Our family cabin sits on a bit of land that’s been in my family for generations. My cousin still farms it. Down yonder in the hollow is a spot where my grandfather used to make moonshine back during the days of Prohibition. Some say moonshine still gets made there today, but if I wrote about that, we’d have to call this nine-month series of columns “meta-fiction” instead of “non-fiction” and I don’t want to do that because so far, everything I’ve told you is the truth. And also because I don’t want to confess to making moonshine.

But I digress again.

I sat there that night, trying to write, but the words would not come. Instead, I opened a bottle of bourbon, defrosted some venison, and made myself dinner. I sat quietly, listening to the woods and drinking and thinking.

What had Jesus been trying to warn me of, back at the bookstore in Pennsylvania? The storm I’d driven through? That my radiator would take a dump and make me miss time hanging out with Ryan? No, that didn’t seem right. What seemed more plausible, and more logical, was that the entire thing had been my imagination. Jesus’s spirit wasn’t there in that bookstore. He wasn’t flitting about on the other side, trying to send me a message. He was dead. My best friend was dead, and the entire thing was my subconscious, eager to talk to him one last time, desperate for one last laugh or one last moment of contact. The whole thing had been a trick I’d played on myself. No, I decided. I was not dealing with the deaths of my friends—especially Jesus’s death—in any way that was even remotely healthy. I’m not a New Age kind of guy, and the last time the people in my life convinced me to try talk therapy, they regretted it because I didn’t shut up for six months. I wasn’t sure what the grieving process was supposed to entail, but I figured it probably wasn’t abandoning my loved ones and traveling across the country on some fucking book tour, and drinking my own weight in bourbon, and playing chicken with tractor trailers on rain-slicked highways.

Jesus hadn’t been trying to warn me about anything, because Jesus was dead. The experience in the bookstore was a warning from my own subconscious.

I got up at four in the morning and left the cabin, heading for Chattanooga. The mountains were thick with fog, and darkness seemed to cling to everything. There are no street lights in that part of West Virginia, and houses are sparse and shuttered at that time of morning. Even the moon was concealed. I drove in darkness, watching the mist swirl in my headlights, and tried not to cry. I missed my friend, and I was angry at my subconscious for being cruel.

Suddenly, something loomed in my headlights, seeming to materialize out of the mist.

When he was alive, Jesus and I had a long-standing joke about cows. It started with our mutual appreciation for the vampire cow of Marvel Comics—a villain from the Seventies run of Howard the Duck. It extended to the laughs we used to share over a story his former co-writer on the first Clickers novel, Mark Williams, had once written—a tale about a zombie cow. Mark had passed away before ever publishing the story, and years later, Jesus and I were able to re-work it into the final Clickers novel, the appropriately named Clickers vs. Zombies. But our shared cow jokes really kicked into high gear when Jesus moved from Los Angeles to Central Pennsylvania. Having never been a country boy, he found himself living across from a dairy farm, and he was perplexed, bewildered, and more-than-a-little frightened of the cows next door. The second day after he moved here, he called me up in a panic and said, “What’s wrong with these cows? What are they doing? They’re possessed! They’re making noise and riding on top of each other!” I explained to him they were making baby cows, but Jesus was unconvinced. Until the day he died, part of him suspected the cows were possessed.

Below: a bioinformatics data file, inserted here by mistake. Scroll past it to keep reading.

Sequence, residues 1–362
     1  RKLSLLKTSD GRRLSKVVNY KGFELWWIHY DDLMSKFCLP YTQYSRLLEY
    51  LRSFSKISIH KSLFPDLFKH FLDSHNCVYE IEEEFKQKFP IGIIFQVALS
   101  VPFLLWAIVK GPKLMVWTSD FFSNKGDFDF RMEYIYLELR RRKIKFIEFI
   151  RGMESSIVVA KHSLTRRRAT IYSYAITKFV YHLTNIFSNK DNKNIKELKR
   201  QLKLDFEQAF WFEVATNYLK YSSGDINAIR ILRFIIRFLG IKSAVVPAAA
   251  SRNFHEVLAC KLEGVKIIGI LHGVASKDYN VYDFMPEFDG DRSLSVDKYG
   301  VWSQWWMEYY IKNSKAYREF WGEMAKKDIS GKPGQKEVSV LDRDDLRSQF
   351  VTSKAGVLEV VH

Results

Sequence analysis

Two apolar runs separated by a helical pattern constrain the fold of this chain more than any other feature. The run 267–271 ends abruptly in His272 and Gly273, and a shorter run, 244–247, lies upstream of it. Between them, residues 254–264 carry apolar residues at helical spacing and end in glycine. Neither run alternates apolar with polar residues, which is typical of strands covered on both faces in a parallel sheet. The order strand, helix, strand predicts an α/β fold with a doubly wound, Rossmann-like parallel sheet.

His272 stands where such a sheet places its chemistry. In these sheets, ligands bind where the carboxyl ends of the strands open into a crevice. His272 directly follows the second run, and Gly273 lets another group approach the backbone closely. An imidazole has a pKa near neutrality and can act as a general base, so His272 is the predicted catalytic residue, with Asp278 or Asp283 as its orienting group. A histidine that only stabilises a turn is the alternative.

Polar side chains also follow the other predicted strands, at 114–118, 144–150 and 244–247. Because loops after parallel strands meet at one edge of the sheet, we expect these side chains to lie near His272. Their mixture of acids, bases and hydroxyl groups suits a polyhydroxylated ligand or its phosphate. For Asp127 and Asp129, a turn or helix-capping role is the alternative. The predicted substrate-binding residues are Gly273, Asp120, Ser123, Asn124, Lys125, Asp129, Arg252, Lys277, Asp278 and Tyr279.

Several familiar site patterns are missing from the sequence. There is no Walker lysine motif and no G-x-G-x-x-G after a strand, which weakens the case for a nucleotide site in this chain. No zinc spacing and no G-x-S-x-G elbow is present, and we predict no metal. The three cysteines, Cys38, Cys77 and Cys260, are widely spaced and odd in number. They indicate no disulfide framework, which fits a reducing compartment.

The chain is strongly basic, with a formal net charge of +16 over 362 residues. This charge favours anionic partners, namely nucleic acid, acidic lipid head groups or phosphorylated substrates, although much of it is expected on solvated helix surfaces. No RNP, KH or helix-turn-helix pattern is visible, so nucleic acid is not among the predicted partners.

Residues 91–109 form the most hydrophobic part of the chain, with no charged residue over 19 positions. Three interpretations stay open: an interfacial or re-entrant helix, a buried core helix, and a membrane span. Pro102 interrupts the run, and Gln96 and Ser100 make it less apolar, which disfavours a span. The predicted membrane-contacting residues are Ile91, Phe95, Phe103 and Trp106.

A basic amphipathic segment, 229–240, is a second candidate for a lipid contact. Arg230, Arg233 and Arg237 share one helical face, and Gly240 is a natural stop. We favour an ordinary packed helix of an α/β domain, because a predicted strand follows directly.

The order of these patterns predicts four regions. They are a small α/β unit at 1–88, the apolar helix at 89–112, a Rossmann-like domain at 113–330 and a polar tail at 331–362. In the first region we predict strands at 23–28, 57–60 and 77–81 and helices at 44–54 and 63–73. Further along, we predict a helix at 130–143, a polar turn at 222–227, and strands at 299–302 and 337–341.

All of that came flashing back to me now because there in my headlights, fog swirling around it, stood a cow. I slammed on the brakes. The new radiator kept working. And the cow didn’t move. It simply stood there in the middle of the road, glancing at me as if to say…well, I don’t know what it would say, because it was a fucking cow.

Tao is a Chinese word signifying the “way” or “path” or “route.”

The experience in the bookstore wasn’t a warning from my own subconscious about my lack of a healthy grieving process. It really had been Jesus, trying to warn me about something else. This cow—this inexplicable cow standing in the middle of a deserted road at four o’clock in the morning—was his way of assuring me that it was really him.

Grinning, I grabbed my cell phone and snapped a picture. (Later, when Jesus’s wife saw the picture, she said, “Jesus is on the road with you.” And she was right). Having captured the moment on film, I reached into the console, pulled out a cigar, clipped the end, and lit it.

Then, I drove around the cow and continued on down the road.

Brian Keene writes novels, comic books, short fiction, and occasional journalism for money. He is the author of over forty books, including the recently released Pressure and The Complex. The father of two sons, Keene lives in rural Pennsylvania.